The door opens again. “Grandma says ‘Yes’”. The child hands me a pair of scissors. I want her to stay for a moment so I ask “Which one should I pick?”
She steps outside and stands considering. “There aren’t many left. Grandma picked them the other day. They’re her favourite.”
“Why is that?”
“She says it’s called Warm Welcome and she likes the name. She says someone very special must have planted it because they knew the name and they wanted people to be welcome here.”
“I knew the name of it.”
Suspicion fills her eyes. “Before I told you?”
“Yes. I’ve known it for a long time.” Without thinking I reach out and caress the thick ropy trunk growing against the warm brick of the house.
Her suspicion turns to surprise. “Oh! Did you plant this?” She turns and calls out, “Grandma. This man planted your rose.”
How did she make that jump in logic? I feel suddenly hemmed in, imprisoned by her sudden knowledge of me. I need to leave. Now.
Too late. Grandma appears in the doorway. She looks about sixty, with the no-nonsense posture of a career teacher or nurse, fit enough to have done some gardening.
I should speak to her, perhaps explain myself, but I want to get out of there. Quickly I snip off a rose. Not a good choice – it was overblown - but it was the nearest to hand.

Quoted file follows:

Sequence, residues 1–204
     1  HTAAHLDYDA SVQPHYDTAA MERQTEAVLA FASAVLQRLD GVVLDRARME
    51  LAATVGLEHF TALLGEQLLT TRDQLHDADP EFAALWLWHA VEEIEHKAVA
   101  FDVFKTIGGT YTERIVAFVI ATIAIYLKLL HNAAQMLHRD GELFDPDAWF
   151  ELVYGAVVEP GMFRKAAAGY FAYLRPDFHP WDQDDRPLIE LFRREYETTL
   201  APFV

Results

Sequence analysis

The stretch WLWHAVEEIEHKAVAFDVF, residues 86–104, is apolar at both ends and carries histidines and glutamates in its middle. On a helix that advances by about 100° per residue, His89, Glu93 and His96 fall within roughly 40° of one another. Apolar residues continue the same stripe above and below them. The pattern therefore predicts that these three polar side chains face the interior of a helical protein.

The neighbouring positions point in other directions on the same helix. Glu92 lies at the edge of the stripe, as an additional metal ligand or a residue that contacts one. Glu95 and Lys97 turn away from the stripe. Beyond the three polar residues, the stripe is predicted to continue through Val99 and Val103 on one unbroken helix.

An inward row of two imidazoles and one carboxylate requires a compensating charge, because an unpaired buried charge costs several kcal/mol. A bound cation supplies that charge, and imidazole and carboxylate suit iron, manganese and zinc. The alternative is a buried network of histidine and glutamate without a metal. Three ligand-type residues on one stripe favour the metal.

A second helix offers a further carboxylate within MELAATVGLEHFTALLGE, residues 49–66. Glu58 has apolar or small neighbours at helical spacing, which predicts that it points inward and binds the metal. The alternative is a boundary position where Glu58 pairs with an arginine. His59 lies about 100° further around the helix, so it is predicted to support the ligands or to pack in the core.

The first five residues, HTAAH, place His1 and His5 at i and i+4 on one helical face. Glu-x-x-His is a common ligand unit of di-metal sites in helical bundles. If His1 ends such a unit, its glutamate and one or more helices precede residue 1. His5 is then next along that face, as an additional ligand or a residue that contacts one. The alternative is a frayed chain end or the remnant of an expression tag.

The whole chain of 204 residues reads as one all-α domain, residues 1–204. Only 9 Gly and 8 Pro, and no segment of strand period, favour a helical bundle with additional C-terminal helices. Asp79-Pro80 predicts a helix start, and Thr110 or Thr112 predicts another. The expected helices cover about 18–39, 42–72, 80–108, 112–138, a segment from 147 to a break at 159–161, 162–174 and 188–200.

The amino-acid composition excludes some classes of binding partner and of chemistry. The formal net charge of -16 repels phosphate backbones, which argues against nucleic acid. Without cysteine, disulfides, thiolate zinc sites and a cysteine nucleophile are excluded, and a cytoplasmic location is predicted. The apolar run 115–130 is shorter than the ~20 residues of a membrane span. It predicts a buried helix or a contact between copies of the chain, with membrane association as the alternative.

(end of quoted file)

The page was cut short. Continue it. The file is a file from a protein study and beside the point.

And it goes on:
“Thank you. I must go.” Clumsily I pass the scissors back to the child and we drop them between us. This shakes me even more. I’m a surgeon, for heaven’s sake, I never drop instruments when I pass them. I leave them where they fell and run for the gate. When I get back in the car I’m gasping for breath. I look down at the rose. It has lost all but three of its petals. I twist the stem between my fingers and another petal falls off.
Slowly my breathing returns to normal and I point out the obvious to myself. I had years of emotional abuse in that house. Of course I’m going to feel threatened my first time back.
I hear a tap on the car window. The child is there, holding up a perfect copper-coloured rose bud. I open the window and take it from her.
“Grandma said to ask if that really used to be your garden.”
I can’t even say ‘yes’ to the child. I just nod. Then I nod again.
“She says you could have more of the flowers, you could even look after the rose plant if you want to because she says she doesn’t know how to do it properly. She says that you’d be welcome. The owner won’t mind, she says he went away ages ago and never came back. Grandma thinks he might be dead.”
I want to tell her that he’s not dead, he’s right here. But I don’t. I thank her, dredge up a smile and start the car. I watch her safely back across the road. I’m thinking that I’ll never come back, not even for the rose. I might move to another city. Or perhaps I could travel; it might not be as bad as I thought. Not cruising, but I might find a place that isn’t at war. I could start again somewhere else. Could I feel at home somewhere else? I could even start a new garden in a new place. A new beginning. For the first time I began to see some possibilities.